Unless you are certain that you have a real need for 24 MP and are
    happy to carry around a bulky kit with camera body and either two
    medium sized lenses or one large, heavy lens, I think a Coolpix or
    another good superzoom camera will probably suit you far better.
     
    Bruce, Jun 1, 2012
    #5
  6. bad sector wrote:
    >
    > I don't really want any $1k+ digital kit because my experience with
    > digital anything has been that it goes for a crap and soon regardless of
    > how expensive it was. Still have my 35mm SLR Nikon and it still works,
    > must be like 18 years old but since the digitals have arrived I have
    > gone through four of them, they were all loaded with features I had no
    > use for, none could go out in -35c, and all just quit working or
    > degraded to the point of being unusable :-(
    >
    > I could go for a P&S but none that I've seen has AF override.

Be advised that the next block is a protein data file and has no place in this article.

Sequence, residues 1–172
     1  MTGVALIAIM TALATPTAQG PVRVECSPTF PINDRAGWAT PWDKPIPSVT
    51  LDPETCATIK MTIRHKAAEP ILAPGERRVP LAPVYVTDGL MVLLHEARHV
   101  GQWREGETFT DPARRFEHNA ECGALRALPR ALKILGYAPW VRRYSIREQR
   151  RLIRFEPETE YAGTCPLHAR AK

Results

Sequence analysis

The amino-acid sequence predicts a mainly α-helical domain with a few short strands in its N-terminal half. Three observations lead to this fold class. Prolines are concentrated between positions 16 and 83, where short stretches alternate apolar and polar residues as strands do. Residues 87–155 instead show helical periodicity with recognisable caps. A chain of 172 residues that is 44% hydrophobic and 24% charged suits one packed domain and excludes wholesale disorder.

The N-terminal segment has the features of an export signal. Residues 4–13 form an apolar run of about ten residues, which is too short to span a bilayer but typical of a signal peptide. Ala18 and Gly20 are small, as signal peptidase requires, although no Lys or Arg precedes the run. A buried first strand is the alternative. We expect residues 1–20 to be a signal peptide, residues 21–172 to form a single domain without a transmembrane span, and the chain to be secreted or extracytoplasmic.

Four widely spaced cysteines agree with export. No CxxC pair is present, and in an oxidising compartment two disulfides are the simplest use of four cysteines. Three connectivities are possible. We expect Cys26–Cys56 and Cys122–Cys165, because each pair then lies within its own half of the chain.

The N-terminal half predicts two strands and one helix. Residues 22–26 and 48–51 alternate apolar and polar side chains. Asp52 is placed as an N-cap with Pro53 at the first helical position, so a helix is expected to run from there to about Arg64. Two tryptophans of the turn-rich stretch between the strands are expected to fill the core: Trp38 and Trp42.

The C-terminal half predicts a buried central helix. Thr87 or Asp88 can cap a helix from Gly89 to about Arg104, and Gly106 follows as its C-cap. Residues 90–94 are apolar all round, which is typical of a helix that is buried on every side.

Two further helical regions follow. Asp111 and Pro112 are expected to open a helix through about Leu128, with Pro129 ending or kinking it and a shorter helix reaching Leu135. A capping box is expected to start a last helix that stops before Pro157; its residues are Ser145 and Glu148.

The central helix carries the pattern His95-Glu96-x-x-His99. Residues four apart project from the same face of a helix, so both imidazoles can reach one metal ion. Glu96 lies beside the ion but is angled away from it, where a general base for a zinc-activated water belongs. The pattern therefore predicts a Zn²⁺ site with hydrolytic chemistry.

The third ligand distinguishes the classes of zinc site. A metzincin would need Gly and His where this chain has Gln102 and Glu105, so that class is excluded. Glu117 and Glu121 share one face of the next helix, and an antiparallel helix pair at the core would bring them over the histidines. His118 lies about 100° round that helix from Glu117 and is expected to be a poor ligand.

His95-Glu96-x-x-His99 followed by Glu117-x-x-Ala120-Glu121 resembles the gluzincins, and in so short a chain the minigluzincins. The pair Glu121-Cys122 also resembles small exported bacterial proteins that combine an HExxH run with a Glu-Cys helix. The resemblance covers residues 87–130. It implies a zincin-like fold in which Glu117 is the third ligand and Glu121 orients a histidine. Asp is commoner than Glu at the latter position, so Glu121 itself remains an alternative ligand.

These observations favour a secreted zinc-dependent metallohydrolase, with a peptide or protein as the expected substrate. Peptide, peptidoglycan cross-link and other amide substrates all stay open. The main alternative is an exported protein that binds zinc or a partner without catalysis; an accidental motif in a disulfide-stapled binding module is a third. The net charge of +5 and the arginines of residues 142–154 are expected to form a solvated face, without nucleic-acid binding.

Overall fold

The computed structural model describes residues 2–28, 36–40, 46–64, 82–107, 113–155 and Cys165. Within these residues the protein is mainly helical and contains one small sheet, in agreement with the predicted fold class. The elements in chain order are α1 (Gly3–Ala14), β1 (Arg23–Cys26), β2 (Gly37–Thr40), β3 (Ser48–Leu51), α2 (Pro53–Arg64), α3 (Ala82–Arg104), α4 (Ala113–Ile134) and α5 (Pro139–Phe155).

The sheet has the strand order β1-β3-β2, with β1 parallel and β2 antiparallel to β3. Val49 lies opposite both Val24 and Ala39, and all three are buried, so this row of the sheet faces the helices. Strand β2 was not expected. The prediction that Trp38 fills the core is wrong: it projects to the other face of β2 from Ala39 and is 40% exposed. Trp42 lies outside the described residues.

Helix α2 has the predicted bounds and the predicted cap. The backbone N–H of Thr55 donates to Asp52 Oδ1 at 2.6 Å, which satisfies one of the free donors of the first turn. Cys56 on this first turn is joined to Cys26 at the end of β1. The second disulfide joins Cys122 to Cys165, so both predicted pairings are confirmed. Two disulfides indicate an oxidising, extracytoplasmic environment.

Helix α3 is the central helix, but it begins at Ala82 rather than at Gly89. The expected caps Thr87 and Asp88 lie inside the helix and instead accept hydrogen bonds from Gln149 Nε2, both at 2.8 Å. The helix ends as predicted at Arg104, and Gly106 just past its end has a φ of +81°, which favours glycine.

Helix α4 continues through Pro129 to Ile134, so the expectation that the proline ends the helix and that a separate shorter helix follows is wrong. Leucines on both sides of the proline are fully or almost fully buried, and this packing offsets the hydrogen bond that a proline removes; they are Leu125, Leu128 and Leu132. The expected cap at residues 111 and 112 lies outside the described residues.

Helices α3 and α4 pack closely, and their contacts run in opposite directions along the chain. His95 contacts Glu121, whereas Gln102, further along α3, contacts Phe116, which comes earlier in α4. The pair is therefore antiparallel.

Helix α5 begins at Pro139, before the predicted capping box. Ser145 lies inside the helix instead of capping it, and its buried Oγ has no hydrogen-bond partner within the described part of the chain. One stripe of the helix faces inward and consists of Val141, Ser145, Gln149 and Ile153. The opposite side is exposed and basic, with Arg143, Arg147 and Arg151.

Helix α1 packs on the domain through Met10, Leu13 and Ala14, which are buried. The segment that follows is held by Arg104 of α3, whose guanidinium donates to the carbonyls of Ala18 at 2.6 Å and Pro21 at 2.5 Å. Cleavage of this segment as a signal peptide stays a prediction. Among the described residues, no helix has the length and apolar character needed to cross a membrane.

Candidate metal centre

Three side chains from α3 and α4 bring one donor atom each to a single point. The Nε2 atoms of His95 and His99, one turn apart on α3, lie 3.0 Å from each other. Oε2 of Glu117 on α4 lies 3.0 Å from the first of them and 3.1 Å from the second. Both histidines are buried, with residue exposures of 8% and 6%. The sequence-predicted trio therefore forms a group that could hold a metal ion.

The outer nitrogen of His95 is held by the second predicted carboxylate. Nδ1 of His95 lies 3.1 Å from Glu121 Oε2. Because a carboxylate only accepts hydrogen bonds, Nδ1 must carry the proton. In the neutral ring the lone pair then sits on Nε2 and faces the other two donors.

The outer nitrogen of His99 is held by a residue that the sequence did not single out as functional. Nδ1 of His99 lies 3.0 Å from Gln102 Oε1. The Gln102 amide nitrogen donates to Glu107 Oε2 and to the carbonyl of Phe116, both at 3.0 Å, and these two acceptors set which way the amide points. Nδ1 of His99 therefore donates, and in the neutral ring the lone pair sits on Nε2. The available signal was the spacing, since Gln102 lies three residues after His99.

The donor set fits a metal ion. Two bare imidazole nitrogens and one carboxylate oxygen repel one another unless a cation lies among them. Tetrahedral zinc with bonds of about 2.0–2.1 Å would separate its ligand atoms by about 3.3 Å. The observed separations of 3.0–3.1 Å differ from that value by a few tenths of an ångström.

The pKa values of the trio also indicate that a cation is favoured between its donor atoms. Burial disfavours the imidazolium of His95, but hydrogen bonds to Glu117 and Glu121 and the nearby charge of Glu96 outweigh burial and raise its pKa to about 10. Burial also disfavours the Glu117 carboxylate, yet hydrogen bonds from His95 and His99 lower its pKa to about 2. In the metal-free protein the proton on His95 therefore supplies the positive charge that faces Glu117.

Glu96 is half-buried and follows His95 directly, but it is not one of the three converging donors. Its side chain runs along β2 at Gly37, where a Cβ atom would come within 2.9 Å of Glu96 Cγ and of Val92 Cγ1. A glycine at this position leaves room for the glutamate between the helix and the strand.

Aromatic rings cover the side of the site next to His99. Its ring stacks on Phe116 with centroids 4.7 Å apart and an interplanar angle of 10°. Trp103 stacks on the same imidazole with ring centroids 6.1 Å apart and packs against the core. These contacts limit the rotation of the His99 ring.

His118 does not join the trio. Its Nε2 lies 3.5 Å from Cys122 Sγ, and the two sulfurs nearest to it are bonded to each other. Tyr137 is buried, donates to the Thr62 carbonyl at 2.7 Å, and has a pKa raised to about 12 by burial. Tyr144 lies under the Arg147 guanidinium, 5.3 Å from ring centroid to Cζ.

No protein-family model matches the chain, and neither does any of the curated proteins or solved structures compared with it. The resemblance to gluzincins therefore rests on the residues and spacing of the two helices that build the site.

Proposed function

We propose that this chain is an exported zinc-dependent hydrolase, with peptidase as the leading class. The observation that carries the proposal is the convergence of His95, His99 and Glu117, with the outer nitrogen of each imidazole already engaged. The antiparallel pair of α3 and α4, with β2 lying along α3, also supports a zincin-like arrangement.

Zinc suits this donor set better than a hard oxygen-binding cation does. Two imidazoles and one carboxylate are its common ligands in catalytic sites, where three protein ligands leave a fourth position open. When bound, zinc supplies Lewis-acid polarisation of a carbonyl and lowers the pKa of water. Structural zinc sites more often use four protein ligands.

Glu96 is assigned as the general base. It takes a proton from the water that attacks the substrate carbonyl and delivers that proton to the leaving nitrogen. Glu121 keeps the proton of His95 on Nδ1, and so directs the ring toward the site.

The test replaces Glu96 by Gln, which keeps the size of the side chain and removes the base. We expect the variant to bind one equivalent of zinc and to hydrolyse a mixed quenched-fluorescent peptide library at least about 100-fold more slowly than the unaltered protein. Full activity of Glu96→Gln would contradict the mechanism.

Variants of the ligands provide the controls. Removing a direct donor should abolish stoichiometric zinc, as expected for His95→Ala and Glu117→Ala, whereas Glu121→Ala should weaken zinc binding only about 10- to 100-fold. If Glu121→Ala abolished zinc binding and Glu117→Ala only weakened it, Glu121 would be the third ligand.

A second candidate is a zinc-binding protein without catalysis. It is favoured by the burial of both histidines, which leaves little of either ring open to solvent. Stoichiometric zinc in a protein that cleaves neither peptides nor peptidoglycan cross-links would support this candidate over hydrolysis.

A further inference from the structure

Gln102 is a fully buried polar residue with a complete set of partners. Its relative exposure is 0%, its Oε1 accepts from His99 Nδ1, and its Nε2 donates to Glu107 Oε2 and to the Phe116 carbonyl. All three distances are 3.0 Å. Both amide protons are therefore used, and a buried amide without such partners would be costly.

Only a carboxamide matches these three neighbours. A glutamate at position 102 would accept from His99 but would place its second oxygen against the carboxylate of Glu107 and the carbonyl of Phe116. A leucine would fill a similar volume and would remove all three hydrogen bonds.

I did extensive research on point and shoots about 6 months ago,
    read, compared, took notes, went to stores, held about 30 in hand.
    I would have liked a manual focus override but evidently there
    is no such thing on P&S.
    I settled on a Panasonic ZS-8 and am quite happy with it.
    Once in a while it will be fooled by glass but not very often.
    I can always zoom out,lock focus, then zoom back in if
    that happens. Full manual options for everything else.
    Pros: It was the only camera that filled all my requirements.
    Fits in shirt pocket, metal case, F 3.3-6.3, 60 seconds
    to 1/4000 shutter, 16x zoom.
    Its the ONLY one I found that can be operated with one hand.
    I coated most of the case in clear packing tape as soon
    as I got it. It is used in industrial environments.